I have no words yet to say how it feels to see my beloved adoptive country going through such turmoil.. In time, I will write my story of immigration. People don’t know what it means. They have no clue. I will also write how it feels for a person who grew up in a totalitarian regime and who fought and gave up for democracy in her native country — to see how people living in freedom, who have full rights and the institutions to guarantee them don’t value what they’ve got.

Before I find my words for these stories, I wrote my MP, Mr Jo Johnson. I was brief and I thought, factual. I didn’t display my emotions and one would not know that I was crying when I wrote this letter.

I have received a letter full of BS, the apotheosis of wooden language. Tell me if you find the word racism in his letter. I did not expect a personalised answer but still..

Dear Jo Johnson,

As an MP you have the power in your hands to vote in Parliament against
Brexit. I know that you have campaigned for Remain and I am sure you
understand the destruction already brought to the country, something
which will be very difficult to repair.

Do not fear those who say that the referendum forces us to initiate the
Article 50. As you know, article 50 states that “Any member state may
decide to withdraw from the Union in accordance with its own
constitutional requirements.” UK laws do not give the referendum the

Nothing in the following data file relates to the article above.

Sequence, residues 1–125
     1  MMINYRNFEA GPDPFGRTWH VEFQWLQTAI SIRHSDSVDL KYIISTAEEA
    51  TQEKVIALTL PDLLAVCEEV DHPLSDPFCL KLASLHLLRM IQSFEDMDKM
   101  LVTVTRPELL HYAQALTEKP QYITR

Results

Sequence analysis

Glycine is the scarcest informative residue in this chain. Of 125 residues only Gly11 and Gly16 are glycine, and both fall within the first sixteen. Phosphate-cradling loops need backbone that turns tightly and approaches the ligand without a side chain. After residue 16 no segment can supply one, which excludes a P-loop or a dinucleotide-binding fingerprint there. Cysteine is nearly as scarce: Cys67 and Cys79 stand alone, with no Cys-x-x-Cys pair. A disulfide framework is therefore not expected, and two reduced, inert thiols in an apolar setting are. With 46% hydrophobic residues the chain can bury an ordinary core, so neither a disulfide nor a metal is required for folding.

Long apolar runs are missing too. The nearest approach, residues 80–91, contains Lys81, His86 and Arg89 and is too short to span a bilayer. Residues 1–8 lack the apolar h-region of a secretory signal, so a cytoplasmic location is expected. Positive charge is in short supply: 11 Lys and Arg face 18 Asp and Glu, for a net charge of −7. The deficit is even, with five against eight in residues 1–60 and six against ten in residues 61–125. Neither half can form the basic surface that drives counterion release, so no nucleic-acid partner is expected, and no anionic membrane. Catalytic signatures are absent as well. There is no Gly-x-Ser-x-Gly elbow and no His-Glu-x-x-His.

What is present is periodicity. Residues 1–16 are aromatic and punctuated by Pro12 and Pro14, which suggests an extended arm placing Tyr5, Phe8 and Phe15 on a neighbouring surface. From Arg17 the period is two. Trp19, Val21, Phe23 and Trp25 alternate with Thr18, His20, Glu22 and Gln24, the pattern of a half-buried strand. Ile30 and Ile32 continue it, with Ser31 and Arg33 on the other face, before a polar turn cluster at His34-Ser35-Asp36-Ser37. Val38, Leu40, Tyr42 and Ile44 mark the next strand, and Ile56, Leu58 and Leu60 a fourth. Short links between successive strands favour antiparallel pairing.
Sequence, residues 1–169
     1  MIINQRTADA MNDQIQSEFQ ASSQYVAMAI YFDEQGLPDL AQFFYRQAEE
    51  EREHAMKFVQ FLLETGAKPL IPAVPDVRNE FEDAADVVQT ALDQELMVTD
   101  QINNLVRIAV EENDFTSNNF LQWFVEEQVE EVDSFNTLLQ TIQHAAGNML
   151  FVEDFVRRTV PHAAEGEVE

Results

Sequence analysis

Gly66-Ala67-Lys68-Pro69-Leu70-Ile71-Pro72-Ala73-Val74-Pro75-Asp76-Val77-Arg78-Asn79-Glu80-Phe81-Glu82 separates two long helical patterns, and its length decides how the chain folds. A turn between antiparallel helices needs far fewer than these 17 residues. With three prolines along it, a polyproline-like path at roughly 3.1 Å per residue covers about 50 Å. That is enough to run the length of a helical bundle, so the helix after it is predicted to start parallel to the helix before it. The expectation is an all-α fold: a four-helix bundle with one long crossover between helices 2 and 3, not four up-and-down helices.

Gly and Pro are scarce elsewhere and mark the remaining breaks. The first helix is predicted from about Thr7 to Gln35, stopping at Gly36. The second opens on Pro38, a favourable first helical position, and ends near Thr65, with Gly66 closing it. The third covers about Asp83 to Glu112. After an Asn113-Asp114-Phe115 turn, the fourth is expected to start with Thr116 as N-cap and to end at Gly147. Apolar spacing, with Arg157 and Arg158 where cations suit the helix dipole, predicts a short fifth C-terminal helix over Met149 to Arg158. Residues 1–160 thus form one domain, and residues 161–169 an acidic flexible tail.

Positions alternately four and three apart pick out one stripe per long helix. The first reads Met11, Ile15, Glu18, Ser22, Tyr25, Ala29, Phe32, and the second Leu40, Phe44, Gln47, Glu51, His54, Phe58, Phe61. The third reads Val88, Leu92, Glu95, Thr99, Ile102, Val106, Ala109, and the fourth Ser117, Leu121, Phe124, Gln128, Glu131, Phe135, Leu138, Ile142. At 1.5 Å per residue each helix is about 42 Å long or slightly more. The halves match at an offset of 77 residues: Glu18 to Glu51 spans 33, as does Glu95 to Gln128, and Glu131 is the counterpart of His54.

power to trigger the Article 50. This power still resides with the
Parliament.

I work in the City of London for fifteen years. The power of London as
financial centre could vanish extremely fast. Global banks will not
have any reason to be in London if London does not give them access to
the European markets.
There is so much to loose and nothing to gain.

Last but not least, I am asking you to take position against the acts
of growing racism that we see in the press. Orpington is a diverse
place and its leaders should openly discourage the raise of xenophobic
and racist acts which somehow have been given permission through the
Leave Campaign.

Yours sincerely,

Andra Sonea

Mr Jo Johnson’s response below:

Dear Ms Sonea,

Thank you for contacting me about the result of the recent referendum on the UK’s membership of the EU.

The British people have voted to leave the European Union and their decision will be respected. The Government will now prepare for a negotiation with the European Union, working alongside the Scottish, Welsh and Northern Ireland governments to ensure that the interests of all parts of our UK are protected and advanced.

The Prime Minister, David Cameron, has announced that he will step down in the coming months, stating that new leadership is required for this important next step in the UK’s path. The Prime Minister has also announced that he will leave it to his successor to decide when to invoke Article 50 of the Lisbon Treaty and begin the formal process of exit negotiations.

I join the Prime Minister in reassuring markets and investors that Britain’s economy is fundamentally strong. I can also reassure British citizens living in European countries and European citizens living here that they will be no immediate changes in their circumstances.

There will be no initial change in the way British citizens can travel, in the way our goods can move or the way our services can be sold. The UK will remain in the European Union while we negotiate our exit with our European neighbours.

The British people have taken a momentous decision to leave the European Union — now is the time to look ahead to the future and make it work.

Kind regards,

Jo

Jo Johnson

Member of Parliament for Orpington

Before you think I am exagerrating, listen to this:

and read this:

Banking Systems Architect. Curious. Antifragile.

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